Buildings are vitally important for UW-Whitewater to consider when shaping our approach to more sustainable operations because they make up the clear majority of our overall greenhouse gas emissions (through electricity and steam production). While our campus has several older buildings that have some potential for energy efficiency improvements, the design of a new building can have an even more significant impact on energy efficiency. Below you will find information about sustainable features on campus buildings, the Whitewater Innovation Center, and policies that provide direction and guidance for constructing state-owned buildings.
The Whitewater Innovation Center, located in the Whitewater University Technology Park, is a leading hub of innovation, entrepreneurship and business growth in Wisconsin. The Innovation Center is a partnership of the University of Wisconsin-Whitewater, home of the state's largest business school; the City of Whitewater and the Whitewater Community Development Authority. We've created this powerhouse of expertise and resources to help you and your business reach unparalleled levels of success. To complement this state-of-the-art building, the Whitewater Innovation Center has assembled the human and technological infrastructure to meet the needs of entrepreneurs and their companies.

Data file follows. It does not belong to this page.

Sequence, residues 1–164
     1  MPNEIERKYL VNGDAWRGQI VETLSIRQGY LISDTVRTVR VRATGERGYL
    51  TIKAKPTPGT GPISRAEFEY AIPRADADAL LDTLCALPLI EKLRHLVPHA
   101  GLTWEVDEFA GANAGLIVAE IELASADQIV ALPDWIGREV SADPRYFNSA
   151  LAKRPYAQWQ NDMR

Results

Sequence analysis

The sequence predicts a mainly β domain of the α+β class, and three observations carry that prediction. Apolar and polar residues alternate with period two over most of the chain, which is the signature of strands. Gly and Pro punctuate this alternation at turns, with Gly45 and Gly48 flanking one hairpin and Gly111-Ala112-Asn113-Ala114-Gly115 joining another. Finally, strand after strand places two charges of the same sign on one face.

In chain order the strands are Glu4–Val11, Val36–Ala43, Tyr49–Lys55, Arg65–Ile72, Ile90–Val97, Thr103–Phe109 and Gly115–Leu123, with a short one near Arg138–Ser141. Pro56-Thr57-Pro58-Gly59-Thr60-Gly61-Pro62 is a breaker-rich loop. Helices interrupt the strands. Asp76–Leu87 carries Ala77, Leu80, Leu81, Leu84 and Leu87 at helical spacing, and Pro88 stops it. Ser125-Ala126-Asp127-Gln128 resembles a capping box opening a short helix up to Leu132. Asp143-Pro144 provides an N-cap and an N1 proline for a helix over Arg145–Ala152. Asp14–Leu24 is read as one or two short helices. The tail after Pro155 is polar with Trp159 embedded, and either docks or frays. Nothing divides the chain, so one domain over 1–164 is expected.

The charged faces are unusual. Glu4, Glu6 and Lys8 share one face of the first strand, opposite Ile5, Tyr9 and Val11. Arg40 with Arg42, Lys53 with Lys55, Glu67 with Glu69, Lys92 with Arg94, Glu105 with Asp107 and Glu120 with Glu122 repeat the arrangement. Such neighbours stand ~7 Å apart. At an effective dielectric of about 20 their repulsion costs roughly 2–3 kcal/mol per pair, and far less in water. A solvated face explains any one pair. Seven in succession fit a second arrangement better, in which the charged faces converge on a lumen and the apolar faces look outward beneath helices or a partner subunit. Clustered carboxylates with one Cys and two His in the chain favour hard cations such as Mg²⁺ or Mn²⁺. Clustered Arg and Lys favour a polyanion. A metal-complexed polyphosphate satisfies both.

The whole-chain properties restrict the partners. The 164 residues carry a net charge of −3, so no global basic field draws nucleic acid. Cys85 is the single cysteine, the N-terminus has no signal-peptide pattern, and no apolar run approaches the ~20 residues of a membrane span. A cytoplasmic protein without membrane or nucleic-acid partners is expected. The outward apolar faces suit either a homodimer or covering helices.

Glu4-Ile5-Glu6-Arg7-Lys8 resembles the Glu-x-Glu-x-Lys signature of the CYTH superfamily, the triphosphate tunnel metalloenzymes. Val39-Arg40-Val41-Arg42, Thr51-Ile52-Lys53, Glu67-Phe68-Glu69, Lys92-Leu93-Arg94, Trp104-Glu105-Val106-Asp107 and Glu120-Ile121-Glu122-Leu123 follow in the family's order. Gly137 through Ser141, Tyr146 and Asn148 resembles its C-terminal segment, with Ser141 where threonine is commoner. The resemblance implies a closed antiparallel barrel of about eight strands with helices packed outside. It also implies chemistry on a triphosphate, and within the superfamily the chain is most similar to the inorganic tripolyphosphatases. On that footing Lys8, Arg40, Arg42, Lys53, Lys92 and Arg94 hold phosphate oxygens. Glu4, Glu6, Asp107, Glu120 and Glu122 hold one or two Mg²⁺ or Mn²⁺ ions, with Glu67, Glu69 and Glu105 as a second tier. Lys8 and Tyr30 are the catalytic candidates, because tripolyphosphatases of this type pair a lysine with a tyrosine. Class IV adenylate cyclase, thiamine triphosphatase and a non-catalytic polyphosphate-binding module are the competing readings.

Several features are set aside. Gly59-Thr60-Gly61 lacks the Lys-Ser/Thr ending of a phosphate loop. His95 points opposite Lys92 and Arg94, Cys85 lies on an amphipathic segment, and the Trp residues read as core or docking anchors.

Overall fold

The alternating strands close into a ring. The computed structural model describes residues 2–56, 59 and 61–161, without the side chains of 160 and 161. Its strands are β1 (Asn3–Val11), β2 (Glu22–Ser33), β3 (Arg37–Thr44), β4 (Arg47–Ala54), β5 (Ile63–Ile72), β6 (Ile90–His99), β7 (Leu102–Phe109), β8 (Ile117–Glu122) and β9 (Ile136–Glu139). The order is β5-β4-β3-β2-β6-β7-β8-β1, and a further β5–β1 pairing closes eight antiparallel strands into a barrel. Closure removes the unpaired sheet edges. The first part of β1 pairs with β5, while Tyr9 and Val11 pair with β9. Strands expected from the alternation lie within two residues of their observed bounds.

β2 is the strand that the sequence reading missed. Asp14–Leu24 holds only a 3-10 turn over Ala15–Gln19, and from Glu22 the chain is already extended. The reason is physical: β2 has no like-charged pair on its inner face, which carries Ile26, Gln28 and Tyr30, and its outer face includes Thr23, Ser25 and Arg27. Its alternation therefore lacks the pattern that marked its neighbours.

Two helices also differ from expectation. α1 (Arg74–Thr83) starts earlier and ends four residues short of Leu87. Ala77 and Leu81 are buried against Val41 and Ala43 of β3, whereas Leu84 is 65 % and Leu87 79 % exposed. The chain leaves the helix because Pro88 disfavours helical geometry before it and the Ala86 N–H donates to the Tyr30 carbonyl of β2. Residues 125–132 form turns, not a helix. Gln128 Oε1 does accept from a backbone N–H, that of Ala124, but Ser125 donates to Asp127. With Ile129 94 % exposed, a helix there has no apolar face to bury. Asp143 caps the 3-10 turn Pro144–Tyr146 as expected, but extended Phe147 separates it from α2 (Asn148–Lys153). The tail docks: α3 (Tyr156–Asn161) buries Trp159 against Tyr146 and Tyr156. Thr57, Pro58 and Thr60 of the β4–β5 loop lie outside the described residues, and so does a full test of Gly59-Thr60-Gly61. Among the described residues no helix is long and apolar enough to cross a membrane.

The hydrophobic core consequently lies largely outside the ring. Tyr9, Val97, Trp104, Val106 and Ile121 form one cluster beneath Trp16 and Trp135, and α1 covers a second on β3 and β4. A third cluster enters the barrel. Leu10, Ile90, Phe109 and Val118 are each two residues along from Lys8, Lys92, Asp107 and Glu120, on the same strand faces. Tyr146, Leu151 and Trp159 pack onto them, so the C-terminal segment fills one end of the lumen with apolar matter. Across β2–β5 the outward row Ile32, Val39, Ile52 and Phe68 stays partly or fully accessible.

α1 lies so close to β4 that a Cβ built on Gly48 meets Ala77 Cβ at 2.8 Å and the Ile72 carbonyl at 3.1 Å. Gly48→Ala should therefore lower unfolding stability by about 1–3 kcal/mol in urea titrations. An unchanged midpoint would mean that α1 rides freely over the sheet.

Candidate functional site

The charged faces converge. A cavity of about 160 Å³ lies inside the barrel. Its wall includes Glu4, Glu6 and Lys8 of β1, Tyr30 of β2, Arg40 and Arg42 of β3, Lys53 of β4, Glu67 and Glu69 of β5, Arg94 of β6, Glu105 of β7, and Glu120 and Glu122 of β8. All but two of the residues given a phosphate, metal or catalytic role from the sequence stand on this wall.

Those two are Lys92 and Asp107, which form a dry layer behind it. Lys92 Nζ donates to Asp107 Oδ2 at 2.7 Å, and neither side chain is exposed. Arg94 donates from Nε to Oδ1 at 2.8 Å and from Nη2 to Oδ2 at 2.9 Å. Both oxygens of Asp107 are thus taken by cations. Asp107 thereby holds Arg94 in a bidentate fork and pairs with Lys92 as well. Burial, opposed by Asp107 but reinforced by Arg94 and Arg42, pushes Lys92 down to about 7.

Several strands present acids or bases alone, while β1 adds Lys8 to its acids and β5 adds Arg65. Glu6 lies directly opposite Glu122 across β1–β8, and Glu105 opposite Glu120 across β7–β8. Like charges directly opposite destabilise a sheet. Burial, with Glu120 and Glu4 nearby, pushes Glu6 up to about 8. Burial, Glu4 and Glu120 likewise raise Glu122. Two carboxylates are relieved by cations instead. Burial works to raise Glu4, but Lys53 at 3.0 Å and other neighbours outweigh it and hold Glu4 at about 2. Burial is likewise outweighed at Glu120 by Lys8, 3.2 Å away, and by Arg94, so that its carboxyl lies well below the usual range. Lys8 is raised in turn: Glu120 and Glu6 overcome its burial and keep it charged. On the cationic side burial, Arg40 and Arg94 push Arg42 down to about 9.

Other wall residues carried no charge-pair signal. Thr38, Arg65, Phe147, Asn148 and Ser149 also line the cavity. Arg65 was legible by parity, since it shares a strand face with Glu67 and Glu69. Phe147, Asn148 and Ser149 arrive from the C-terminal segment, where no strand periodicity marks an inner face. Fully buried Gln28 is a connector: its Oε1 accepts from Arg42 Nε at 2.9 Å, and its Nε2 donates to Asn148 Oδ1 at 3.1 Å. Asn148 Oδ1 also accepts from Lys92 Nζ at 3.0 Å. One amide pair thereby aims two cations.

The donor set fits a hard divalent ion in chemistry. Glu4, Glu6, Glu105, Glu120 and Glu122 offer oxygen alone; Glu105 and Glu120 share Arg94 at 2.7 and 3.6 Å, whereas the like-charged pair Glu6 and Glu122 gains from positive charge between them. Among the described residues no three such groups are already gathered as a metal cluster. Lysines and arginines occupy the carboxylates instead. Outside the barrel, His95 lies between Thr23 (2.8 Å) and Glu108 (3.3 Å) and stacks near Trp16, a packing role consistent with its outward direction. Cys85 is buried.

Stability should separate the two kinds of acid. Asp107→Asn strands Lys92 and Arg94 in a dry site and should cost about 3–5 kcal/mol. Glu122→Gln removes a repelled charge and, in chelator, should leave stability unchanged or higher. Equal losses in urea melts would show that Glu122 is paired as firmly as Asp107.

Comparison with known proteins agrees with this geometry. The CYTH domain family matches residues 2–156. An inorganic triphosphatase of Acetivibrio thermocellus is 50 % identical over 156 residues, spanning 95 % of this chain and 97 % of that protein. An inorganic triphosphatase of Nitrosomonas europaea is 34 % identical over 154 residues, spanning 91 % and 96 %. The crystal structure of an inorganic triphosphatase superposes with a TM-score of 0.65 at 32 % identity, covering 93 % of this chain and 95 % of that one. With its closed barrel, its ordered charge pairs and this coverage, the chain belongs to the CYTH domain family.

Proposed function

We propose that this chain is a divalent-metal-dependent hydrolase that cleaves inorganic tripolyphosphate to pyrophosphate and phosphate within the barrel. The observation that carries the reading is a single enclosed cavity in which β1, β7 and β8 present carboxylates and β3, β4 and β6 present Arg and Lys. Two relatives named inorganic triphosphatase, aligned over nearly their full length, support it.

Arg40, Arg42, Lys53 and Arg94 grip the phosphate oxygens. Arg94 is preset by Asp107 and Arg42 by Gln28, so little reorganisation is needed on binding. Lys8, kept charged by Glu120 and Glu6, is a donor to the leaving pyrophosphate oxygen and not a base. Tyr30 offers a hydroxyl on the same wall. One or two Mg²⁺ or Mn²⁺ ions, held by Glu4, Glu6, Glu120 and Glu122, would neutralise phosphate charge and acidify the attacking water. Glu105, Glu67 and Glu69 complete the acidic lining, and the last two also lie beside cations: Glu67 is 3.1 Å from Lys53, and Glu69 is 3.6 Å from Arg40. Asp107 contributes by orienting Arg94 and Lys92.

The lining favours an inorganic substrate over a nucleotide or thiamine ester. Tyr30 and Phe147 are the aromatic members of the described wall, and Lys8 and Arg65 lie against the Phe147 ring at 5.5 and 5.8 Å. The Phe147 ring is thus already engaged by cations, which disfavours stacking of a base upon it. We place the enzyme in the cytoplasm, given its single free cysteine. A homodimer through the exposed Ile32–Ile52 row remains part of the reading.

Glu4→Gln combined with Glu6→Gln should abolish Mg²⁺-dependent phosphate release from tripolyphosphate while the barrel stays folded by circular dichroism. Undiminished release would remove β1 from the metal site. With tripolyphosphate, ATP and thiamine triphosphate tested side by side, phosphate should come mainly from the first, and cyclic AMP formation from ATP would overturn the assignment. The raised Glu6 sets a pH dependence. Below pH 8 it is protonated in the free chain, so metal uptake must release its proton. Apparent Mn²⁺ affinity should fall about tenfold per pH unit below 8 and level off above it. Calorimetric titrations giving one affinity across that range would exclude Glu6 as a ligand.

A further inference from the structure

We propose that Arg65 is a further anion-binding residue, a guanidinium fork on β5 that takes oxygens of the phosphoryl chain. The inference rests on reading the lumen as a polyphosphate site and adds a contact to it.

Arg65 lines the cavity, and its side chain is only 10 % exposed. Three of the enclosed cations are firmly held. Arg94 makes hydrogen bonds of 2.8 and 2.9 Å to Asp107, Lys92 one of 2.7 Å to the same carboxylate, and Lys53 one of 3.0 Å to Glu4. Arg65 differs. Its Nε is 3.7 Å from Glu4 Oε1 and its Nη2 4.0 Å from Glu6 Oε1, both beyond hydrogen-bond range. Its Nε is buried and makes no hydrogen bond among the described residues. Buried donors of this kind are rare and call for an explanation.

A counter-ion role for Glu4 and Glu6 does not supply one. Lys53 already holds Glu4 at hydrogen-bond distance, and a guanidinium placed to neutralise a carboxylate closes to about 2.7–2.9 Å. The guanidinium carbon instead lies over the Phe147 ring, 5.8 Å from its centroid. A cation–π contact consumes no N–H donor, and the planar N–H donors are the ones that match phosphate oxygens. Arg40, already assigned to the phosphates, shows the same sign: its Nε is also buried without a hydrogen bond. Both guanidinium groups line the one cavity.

All buildings on the UW-Whitewater campus are under the oversight of the State of Wisconsin - Department of Administration (DOA) - Division of State Facilities (DSF). These standards are designed to promote and ensure that state facilities are constructed and renovated in a sustainable manner, starting with initial project planning and continuing through occupancy and operation. The Sustainable Facilities Standards address all aspects of the planning, design and construction process.
Through Conserve Wisconsin and Executive Order 145, Governor Doyle has committed Wisconsin to leading by example in improving the energy and environmental performance of existing and new state-owned buildings. By adopting Leadership in Energy and Environmental Design for Existing Buildings (LEED-EB) guidelines and implementing sustainable practices in the facilities it owns and leases, the Department of Administration is cutting energy use and conserving resources. Governor Doyle's Executive Order, does not require certification to the US Green Building Council's LEED-EB Green Building Rating System, but contains minimum performance standards based on LEED tools and approaches, as well as measurement and reporting requirements.